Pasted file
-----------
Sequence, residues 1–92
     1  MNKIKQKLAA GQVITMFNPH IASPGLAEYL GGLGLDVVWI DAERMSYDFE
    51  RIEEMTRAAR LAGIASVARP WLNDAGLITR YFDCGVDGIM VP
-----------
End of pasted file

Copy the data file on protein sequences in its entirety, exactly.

Sequence, residues 1–92
     1  MNKIKQKLAA GQVITMFNPH IASPGLAEYL GGLGLDVVWI DAERMSYDFE
    51  RIEEMTRAAR LAGIASVARP WLNDAGLITR YFDCGVDGIM VP